Opinion No. 00-902 (2001)

DEBORAH V. ORTIZ

Attorney General of California — Opinion
February 1, 2001

BILL LOCKYER, Attorney General

BILL LOCKYER Attorney General JONATHAN R. DAVIS Deputy Attorney General

THE HONORABLE DEBORAH V. ORTIZ, MEMBER OF THE STATE SENATE, has requested an opinion on the following questions:

1. May a school district contract for taxi cab services to transport children to and from school?

2. If so, are any criminal background check procedures applicable with respect to the taxi cab drivers?

CONCLUSIONS
1. A school district may contract for taxi cab services to transport children to and from school.

2. A criminal background check procedure involving fingerprint clearance by the Department of Justice is applicable for any person engaged in pupil transportation under contract with a school district, including taxi cab drivers transporting children to or from school.

ANALYSIS
We are informed that a number of school districts within the state contract for taxi cab services to transport children to and from school. We are asked whether this practice is lawful, and if so, whether any criminal background check procedures are applicable with respect to the drivers. We conclude that taxi cab drivers may transport the students after satisfying criminal background check procedures established by the Legislature.

1. Contracting For Taxi Cab Services

Education Code section 39800, subdivision (a),[fn1] states:

“The governing board of any school district may provide for the transportation of pupils to and from school whenever in the judgment of the board the transportation is advisable and good reasons exist therefor. The governing board may purchase or rent and provide for the upkeep, care, and operation of vehicles, or may contract and pay for the transportation of pupils to and from school by common carrier or municipally owned transit system, or may contract with and pay responsible private parties for the transportation. These contracts may be made with the parent or guardian of the pupil being transported. . . .”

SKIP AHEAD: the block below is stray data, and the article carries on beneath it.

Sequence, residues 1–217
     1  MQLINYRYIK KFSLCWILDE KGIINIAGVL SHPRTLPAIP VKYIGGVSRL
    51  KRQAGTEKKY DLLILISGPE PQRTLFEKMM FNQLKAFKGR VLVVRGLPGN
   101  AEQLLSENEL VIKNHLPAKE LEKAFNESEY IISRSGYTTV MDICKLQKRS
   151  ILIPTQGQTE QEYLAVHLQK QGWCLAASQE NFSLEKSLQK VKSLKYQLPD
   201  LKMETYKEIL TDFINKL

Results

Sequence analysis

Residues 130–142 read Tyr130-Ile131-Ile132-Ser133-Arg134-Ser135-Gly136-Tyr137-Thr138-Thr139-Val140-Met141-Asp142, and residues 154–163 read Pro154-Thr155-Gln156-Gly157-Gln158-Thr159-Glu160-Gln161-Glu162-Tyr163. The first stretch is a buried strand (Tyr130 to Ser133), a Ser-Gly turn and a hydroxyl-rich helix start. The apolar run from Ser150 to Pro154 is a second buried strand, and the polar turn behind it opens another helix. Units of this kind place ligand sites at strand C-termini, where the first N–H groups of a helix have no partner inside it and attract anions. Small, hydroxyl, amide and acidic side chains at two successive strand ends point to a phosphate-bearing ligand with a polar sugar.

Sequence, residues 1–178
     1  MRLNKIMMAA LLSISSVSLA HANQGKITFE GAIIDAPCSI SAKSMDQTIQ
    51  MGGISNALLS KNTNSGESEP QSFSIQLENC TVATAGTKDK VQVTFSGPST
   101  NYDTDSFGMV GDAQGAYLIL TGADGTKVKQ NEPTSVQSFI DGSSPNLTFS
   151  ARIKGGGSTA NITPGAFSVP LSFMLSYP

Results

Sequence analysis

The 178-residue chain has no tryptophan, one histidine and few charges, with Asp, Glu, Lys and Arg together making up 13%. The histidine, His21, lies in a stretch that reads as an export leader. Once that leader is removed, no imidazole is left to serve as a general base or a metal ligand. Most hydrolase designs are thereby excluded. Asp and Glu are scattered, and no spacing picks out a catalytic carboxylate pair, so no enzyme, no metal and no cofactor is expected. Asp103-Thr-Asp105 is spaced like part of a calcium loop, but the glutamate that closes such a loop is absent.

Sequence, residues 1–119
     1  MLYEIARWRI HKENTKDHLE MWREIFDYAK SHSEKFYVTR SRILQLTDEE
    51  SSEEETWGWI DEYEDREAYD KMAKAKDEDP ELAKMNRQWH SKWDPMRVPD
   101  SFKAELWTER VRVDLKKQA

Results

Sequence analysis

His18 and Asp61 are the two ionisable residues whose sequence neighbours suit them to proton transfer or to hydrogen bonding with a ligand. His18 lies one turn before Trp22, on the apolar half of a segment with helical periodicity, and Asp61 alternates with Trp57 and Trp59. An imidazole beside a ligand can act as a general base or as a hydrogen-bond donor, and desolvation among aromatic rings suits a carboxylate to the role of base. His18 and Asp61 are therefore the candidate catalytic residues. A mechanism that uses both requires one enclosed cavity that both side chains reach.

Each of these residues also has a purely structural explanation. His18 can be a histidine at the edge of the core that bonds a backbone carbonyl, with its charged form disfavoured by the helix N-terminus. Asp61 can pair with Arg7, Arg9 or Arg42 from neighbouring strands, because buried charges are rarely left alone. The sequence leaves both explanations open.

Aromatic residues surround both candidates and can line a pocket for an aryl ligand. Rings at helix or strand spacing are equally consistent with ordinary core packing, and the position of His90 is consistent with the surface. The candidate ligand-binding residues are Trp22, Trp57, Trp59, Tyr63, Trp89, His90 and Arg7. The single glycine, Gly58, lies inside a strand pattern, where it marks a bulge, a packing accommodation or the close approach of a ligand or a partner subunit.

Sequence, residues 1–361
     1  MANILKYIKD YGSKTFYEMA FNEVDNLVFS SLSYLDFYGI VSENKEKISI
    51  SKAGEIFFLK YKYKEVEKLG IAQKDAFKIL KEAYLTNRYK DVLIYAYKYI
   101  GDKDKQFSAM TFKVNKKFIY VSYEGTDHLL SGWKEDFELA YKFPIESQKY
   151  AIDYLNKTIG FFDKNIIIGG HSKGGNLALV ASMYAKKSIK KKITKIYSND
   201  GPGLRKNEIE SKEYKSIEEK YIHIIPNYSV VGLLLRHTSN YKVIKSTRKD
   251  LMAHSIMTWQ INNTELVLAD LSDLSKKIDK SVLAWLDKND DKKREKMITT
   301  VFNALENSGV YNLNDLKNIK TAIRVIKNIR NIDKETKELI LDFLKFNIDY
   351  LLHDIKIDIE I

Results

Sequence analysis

This statutory language authorizes contracts between school districts and taxi cab companies for the transportation of the district’s pupils. In Hopkins v. Yellow Cab Co. (1952) 114 Cal.App.2d 394, the court examined a contract between the Long Beach Unified School District and a taxi cab company “to furnish an automobile and driver for the transportation of [disabled] children from their home to school . . . and back to their homes. . . .” (Id. at p. 395.) At that time, former section 16251 contained identical language to the current statute as relevant here. The court concluded that the taxi cab company was properly considered a “private carrier” while transporting the children under contract with the school district. (Id. at p. 398.)

Section 39800 expressly authorizes a school district to “contract and pay for the transportation of pupils to and from school by common carrier or municipally owned transit system, or may contract with and pay responsible private parties for the transportation.” In answer to the first question, therefore, we conclude that under the terms of section39800, a school district may contract for taxi cab services to transport children to and from school.

2. Criminal Background Check Procedures

Section 45125.1 provides:

“(a) Except as provided in subdivisions (b) and (c), if the employees of any entity that has a contract with a school district, as defined in Section 41302.5, to provide any of the following services may have any contact with pupils, those employees shall submit or have submitted their fingerprints in a manner authorized by the Department of Justice together with a fee determined by the Department of Justice to be sufficient to reimburse the department for its costs incurred in processing the application: